How outsourcing is helping these Indian businesses grow: top SMBStories of the week
Entrepreneurship isn’t easy, especially for product-based startups. Here’s how outsourcing from third-party manufacturing unit or OEMs is helping small Indian businesses grow.
An entrepreneurial journey is a roller-coaster ride. From a business idea to funding and running a business – it needs extensive research and unending determination. This puts a lot of pressure on the product-based companies who have to keep a strict eye on the manufacturing process.
However, our business ecosystem has witnessed tremendous growth in the past few years. And, third-party manufacturing units, or OEMs, have emerged as saviours for all those companies who do not want to build an in-house manufacturing facility. Their business gains as they contribute their effort and time on other matters.
Here are the top SMBStories of the week. Many of these companies found outsourcing to be best business model.
In 1966, Parmeshwar Dayal Lakhani founded Lakhani, a Made in India, premium footwear company that still has a name in Indian households.
However, in the mid-2000s, when multinational brands like Nike, Puma, and Adidas entered the Indian footwear market, Lakhani, which once held a major percent of share in the industry, faded into oblivion.
In an interaction with SMBStory, Mayank Lakhani, the second-generation entrepreneur of Lakhani Vardaan, says, “When MNCs entered India, it was a game-changer for the footwear industry. These big brands outsourced their products made with new machines. However, Lakhani followed a practice of in-house manufacturing that didn’t meet the demand-supply chain. It was difficult to operate in the whole new concept in a jiffy.”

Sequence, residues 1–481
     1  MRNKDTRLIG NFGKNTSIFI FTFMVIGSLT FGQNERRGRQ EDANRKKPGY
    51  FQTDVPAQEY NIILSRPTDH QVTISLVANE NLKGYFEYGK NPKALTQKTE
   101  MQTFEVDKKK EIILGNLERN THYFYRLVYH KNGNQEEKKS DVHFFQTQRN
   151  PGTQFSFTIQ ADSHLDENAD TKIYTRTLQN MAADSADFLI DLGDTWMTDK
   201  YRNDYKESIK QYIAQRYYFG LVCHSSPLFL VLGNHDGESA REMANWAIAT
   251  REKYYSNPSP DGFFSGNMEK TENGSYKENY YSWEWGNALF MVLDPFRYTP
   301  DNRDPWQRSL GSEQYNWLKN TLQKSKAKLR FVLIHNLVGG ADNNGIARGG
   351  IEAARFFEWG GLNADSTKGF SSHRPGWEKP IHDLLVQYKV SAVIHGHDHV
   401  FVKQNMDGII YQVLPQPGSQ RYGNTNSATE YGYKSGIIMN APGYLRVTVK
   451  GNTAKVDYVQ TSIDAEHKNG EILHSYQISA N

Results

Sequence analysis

From not being operational for three years from 2010, here’s the story of how Mayank revamped the company’s traditional business model.
“Lakhani serves the masses and I wanted to take that legacy forward but with a different approach. I brought in 90 percent outsourced manufacturing, which major big brands follow,” Mayank says.
Mayank initiated the concept of brand sourcing in Lakhani Infinity, where products were manufactured by outside suppliers, and the team ensured strict quality inspection and compliance. And a new journey started for Lakhani.
In 2018, the company achieved the highest turnover of Rs 100 crore. At present, it is seeing Rs 105 crore turnover, and aims to reach a milestone of Rs 200 crore by 2021.
Nishtha Malik was 17 years old, and her 18th birthday was just two days away when her mother took her last breath. It was a devastating phase as she saw her mother struggle with lung cancer and ultimately lose her life.
Her mother’s death left a huge void in her heart and life, but Nishtha shouldered on. After completing her Class 12 in 2012, she completed her graduation and moved to London to complete a master’s in entrepreneurship. In 2019, she came back to India and explored the organic haircare market in the country.
She was disheartened when she saw that the industry was lacking, especially when it came to wigs and hair extensions. The pain point hit home as she had seen her mother struggling to find a wig after she lost her hair during the treatment process.
She decided to focus on this untapped market and launched her company, Beaux, in June 2019 with a capital of Rs 8 lakh, which she borrowed from her father.
Beaux makes wigs, toppers, coloured hair strands/streaks, hair scrunchies, and hair wraps. After launching in June 2019, in six months, the company has made average sales of Rs 12-15 lakh, and has started exporting to South Africa, Dubai, and Turkey.
This digital marketer got Rs 8 lakh funding from his boss, quit his job to start a women handbag brand